Why is it so hard to decide to buy?

A tweet that generated a lot of feelings

Optimism and Fun

  1. We want to believe ourselves to be special, and our situation to be unique. We over-focus on the edge cases that are not perfectly solved by off-the-shelf tools, and ignore the complexity of providing the main features in addition to our desired edge cases. We believe ourselves to be better engineers and capable of solving the problem in a more-perfect way.
  2. Building is fun, and the work of integrating an existing product often sounds tedious. As an industry we’re still struggling to move from telling engineers “your job is building brand new things from scratch”, and our whole style of teaching computer science is first-principles based, which encourages the default to build ourselves. The industry has not thought much about what makes someone good at integrations, or what the opportunities are for engineers who are doing integration work to learn new things and feel challenged and stimulated.
  3. We underestimate the work of building, and the total cost of ownership of having our own special product. It’s easy to see the bill for your SaaS software every month, and hard to appreciate that the engineering cost to build an internal version is still probably higher because you haven’t factored in the opportunity cost of having engineers build that system instead of contributing to more core business opportunities. Perhaps you think that you can lessen this bill by making the project open source, and having community support for the effort. In reality, even if you somehow manage to build a community around it (an extremely challenging thing to do), now you have to balance moving the project forward in the way your company needs and moving the project forward in the way the community might need. Building OSS might still be the right call, but it’s not a free option.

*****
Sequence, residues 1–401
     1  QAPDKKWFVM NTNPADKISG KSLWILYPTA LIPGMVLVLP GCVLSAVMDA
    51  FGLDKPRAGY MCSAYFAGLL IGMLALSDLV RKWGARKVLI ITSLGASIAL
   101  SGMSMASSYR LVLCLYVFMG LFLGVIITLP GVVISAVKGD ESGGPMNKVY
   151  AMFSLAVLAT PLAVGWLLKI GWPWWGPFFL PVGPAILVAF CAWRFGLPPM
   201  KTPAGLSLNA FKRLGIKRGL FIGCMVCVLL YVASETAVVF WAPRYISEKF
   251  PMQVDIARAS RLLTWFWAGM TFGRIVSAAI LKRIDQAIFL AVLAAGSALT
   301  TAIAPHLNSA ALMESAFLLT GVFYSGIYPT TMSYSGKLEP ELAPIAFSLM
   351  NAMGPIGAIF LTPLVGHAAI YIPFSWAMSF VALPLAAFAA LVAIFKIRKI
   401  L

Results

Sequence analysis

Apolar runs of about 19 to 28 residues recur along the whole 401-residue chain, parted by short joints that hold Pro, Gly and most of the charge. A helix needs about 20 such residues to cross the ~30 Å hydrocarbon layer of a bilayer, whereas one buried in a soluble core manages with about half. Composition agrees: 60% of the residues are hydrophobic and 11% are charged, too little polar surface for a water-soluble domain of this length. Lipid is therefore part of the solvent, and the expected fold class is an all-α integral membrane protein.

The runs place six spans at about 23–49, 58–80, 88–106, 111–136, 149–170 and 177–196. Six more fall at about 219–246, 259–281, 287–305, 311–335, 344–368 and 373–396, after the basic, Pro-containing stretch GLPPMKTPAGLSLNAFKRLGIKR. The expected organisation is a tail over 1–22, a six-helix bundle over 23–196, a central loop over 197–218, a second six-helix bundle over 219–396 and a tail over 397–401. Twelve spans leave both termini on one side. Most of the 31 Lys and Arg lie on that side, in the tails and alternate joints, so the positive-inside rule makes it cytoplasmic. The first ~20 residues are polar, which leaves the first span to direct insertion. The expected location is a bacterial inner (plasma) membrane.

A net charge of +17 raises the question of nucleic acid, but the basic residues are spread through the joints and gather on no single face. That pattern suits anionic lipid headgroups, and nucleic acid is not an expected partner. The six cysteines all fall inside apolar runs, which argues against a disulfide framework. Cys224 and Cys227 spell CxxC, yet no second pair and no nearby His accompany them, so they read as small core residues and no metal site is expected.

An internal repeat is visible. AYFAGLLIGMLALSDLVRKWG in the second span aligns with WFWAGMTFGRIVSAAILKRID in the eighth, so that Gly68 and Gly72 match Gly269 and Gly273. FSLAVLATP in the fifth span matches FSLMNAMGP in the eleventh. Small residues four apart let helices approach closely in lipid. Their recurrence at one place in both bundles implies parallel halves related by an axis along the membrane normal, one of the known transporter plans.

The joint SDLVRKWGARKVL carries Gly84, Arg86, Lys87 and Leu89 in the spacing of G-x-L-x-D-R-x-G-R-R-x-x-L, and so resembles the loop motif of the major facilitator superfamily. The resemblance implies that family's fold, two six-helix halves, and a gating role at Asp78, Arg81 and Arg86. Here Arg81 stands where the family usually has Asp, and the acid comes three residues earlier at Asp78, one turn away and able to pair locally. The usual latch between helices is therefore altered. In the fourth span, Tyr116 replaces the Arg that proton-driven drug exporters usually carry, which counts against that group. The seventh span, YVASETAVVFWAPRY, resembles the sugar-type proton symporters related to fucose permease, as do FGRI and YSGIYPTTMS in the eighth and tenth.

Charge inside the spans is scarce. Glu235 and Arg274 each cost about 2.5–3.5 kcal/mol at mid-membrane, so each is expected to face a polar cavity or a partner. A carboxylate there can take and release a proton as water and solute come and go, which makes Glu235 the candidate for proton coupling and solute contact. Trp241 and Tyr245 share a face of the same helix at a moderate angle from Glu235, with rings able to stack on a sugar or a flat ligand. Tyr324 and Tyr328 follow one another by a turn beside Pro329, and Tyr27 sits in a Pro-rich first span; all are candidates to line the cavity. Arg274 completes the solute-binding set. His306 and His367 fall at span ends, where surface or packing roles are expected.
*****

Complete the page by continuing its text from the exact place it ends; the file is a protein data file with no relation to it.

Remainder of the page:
4. Companies reward people who create new things. It is hard to identify and reward problems that are avoided. When it comes time to evaluate people, we look at systems built from scratch and believe their authors show more technical talent than those who completed similarly-challenging integration projects with less raw code. Most companies promote those who create new systems even of questionable value much faster than they promote those who might be making wiser choices by not building from scratch, which creates a pressure to build in order to grow your career.

Making the decision to build or buy

When integrations bite back

Problem 1: Buying a bigger solution than you need, and then feeling obligated to use all of it.

Problem 2: Evaluating every option out there for every decision.

Problem 3: Over-vetting every product.

Problem 4: Underestimating the work of integration.

Problem 5: Neglecting to speak to the value of what the engineers are providing when they aren’t building from scratch.

Wrapping Up

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Author, “The Manager’s Path.” http://amzn.to/2FvjeHH Distributed systems, dysfunctional programming. camilletalk.com, elidedbranches.com

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Camille Fournier

Camille Fournier

Author, “The Manager’s Path.” http://amzn.to/2FvjeHH Distributed systems, dysfunctional programming. camilletalk.com, elidedbranches.com

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